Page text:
remotesensing-logo

Journal Browser

Journal Browser

Satellite Remote Sensing of Weather, Water and Climate Couplings and Phenomena (Second Edition)

A special issue of Remote Sensing (ISSN 2072-4292). This special issue belongs to the section "Ocean Remote Sensing".

Deadline for manuscript submissions: 30 September 2024 | Viewed by 442

Special Issue Editors


E-Mail Website
Guest Editor
Department of Coastal and Marine Systems Science, Coastal Carolina University, Conway, SC 29526, USA
Interests: observations of and numerical modeling of atmospheric; oceanic, estuary; land and hydraulic inter-actively coupled systems; relationships between climate and weather coupled systems; wind-wave-current coupled interactions
Special Issues, Collections and Topics in MDPI journals

E-Mail Website
Guest Editor
Institute of Marine Sciences, UOS Rome, 00133 Rome, Italy
Interests: oceanography; earth observation; physical oceanography; satellite image analysis; ocean currents and circulation; satellite image processing; satellite; water quality; environment; climate change
Special Issues, Collections and Topics in MDPI journals

E-Mail Website
Guest Editor
Nanjing University of Information and Science, 219 Ningliu Road, Nanjing 210044, China
Interests: satellite oceanography; tropical cyclone remote sensing; atmosphere-ocean interaction; radar constellation sea ice monitoring; marine information intelligent extraction
Special Issues, Collections and Topics in MDPI journals

E-Mail Website
Guest Editor
College of Marine Technology, Faculty of Information Science and Engineering, Ocean University of China, Qingdao, China
Interests: ocean remote sensing; convolutional neural network; sea surface temperature; spatial resolution; deep learning; geostationary satellite; high spatial resolution; hurricane; open ocean; satellite images; subsurface temperature; tropical cyclone
Special Issues, Collections and Topics in MDPI journals

Special Issue Information

Dear Colleagues,

Due to the overwhelming support and interest in the previous Special Issue (SI), we are introducing a 2nd edition regarding “Satellite Remote Sensing of Weather, Water, and Climate Couplings and Phenomena”. I would like to thank all the authors and co-authors who made contributions to the success of the 1st edition of this SI.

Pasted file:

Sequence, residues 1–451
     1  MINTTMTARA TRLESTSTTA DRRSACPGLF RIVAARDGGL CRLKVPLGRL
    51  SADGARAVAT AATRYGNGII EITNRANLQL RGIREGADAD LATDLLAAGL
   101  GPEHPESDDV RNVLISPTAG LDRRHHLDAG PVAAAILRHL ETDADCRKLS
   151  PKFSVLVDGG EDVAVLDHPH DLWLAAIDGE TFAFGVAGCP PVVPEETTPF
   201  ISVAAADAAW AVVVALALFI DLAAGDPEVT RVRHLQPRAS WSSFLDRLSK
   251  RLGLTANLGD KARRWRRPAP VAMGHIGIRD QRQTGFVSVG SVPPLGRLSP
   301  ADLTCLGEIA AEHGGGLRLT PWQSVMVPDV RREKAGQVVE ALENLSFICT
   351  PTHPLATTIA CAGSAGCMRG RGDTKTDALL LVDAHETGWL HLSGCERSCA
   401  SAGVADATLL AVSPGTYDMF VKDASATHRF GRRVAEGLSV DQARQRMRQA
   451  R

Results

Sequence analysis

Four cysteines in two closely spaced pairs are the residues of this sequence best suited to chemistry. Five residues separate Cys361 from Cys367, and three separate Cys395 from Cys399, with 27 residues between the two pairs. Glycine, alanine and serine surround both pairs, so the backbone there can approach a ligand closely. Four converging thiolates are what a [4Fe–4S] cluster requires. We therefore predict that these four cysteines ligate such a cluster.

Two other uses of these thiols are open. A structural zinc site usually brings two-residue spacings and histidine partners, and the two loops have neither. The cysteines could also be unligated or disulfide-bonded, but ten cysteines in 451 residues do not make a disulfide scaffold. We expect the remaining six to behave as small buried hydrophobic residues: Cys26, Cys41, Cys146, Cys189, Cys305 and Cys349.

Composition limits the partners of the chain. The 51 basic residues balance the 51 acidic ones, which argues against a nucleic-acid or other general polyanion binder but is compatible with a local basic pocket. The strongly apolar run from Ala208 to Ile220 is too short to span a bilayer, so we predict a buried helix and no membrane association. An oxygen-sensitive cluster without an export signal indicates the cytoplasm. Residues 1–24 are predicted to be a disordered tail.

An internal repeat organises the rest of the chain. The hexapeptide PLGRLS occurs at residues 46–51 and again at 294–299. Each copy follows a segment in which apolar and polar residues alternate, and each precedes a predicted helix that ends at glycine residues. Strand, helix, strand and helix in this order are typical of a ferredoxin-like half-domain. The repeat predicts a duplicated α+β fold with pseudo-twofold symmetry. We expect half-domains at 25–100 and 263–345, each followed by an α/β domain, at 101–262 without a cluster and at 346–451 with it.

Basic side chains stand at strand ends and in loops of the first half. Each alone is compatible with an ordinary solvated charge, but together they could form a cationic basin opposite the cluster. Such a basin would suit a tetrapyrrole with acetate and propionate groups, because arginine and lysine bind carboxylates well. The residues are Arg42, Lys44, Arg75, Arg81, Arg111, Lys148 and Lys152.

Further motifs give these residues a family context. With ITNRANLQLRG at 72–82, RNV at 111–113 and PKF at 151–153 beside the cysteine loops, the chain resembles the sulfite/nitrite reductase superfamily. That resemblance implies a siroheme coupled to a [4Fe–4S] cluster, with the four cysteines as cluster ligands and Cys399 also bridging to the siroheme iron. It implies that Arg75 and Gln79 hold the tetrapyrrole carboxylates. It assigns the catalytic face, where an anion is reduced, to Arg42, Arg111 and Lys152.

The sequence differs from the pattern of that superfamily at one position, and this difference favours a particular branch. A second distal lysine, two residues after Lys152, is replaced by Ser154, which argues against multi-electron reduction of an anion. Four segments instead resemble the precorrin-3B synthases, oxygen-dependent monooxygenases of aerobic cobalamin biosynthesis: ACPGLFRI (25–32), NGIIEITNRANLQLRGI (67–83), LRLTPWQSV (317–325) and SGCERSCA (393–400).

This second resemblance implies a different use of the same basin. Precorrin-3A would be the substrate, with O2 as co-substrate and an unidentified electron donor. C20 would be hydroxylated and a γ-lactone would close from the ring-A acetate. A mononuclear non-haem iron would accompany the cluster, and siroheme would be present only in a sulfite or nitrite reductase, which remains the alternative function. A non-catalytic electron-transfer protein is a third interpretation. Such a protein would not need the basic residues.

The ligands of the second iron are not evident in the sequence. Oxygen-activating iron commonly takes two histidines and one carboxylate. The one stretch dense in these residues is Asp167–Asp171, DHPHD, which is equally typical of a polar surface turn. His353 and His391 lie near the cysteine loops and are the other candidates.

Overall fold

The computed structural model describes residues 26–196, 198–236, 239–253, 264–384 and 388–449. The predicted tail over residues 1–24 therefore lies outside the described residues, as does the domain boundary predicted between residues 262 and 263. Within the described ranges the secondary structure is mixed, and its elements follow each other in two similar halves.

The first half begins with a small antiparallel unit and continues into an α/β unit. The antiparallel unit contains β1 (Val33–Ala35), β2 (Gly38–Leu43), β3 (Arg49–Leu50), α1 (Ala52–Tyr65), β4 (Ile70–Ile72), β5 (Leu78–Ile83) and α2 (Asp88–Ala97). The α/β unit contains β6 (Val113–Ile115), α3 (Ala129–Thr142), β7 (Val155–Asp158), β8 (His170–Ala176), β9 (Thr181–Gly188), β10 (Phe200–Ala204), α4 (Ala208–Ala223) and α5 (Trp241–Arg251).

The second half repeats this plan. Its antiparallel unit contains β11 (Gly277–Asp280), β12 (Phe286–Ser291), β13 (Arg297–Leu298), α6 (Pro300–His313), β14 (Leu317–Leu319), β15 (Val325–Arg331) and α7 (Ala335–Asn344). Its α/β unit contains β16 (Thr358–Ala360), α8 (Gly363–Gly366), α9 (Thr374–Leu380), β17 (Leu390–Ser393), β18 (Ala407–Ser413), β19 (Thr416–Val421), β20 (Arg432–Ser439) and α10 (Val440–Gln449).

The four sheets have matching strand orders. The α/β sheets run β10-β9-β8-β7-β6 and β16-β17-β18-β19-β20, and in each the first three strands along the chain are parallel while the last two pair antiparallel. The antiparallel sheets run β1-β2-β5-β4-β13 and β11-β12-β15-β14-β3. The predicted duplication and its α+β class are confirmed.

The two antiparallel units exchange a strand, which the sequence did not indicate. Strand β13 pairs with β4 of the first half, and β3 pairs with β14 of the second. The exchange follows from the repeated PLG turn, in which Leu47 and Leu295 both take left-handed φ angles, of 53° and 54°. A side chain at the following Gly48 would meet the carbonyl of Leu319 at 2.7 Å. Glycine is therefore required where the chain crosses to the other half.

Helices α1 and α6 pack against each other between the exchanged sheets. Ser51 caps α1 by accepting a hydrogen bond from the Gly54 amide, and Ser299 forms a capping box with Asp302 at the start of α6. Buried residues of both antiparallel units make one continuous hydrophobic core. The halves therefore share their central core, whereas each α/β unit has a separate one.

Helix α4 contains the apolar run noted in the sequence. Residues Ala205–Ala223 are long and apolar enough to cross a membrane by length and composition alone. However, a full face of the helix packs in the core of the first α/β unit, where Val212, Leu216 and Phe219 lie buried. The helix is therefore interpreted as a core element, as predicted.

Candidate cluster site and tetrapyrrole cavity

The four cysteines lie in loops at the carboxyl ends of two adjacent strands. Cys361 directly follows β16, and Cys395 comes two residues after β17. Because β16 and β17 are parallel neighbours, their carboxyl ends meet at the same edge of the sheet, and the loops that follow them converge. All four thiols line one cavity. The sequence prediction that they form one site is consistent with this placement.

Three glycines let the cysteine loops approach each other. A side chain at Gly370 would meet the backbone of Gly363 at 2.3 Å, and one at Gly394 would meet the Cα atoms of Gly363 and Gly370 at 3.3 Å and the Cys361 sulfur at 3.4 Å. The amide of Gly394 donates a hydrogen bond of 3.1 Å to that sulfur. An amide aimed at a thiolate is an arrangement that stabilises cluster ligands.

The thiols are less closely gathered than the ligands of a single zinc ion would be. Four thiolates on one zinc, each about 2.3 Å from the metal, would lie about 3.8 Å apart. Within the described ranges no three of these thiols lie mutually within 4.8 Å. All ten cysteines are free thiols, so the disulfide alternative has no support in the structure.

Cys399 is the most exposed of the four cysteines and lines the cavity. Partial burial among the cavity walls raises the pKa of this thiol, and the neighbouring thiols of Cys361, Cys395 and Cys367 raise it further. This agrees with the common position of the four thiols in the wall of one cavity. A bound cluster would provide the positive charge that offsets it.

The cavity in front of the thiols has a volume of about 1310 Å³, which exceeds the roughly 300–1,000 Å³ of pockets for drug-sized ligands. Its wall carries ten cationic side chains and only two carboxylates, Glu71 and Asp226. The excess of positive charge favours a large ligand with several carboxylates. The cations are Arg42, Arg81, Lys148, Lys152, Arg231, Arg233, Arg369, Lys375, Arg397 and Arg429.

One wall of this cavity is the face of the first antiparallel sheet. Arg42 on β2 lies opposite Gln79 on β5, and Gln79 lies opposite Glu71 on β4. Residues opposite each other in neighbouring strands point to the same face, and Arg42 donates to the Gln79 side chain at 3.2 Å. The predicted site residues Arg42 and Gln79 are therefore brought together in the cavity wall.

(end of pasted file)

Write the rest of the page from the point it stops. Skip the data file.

Satellite remote sensing presents a robust tool with which to address and unravel coupled weather, water, and climate phenomena at multiple scales. The temporal and spatial scales of atmospheric, oceanic, and hydrologic environmental phenomena span the period range from isolated events, particularly extreme events, to that of sub-seasonal variability in the Earth’s interactively coupled atmospheric, oceanic, and hydrologic systems. There are significant associated implications for human and ecological systems, and these have become an emerging topic around which issues of societal and economic value and sustainability can be examined and used for societal responses and planning. In this issue, remote sensing tools comprehensively address these phenomena because of the incredible spatial synoptic coverage that they provide. When coupled with environmental observational datasets and mathematical modeling outputs, satellite remote sensing couples observed and/or modeled environmental processes with societal impacts. Moreover, satellite data used for numerical model validation are now being assimilated into next-gen numerical modeling strategies, thus advancing event prognostications. Specific topics include coastal renewable energy assessment; storm-induced coastal and inland flooding; flood hazard mapping; atmospheric coastal frontal system detection; African SAL detection; ocean heat content; multi-scale storm phenomena components; atmospheric rivers; and new uncharted uses of different types of remotely sensed imagery for pattern recognition.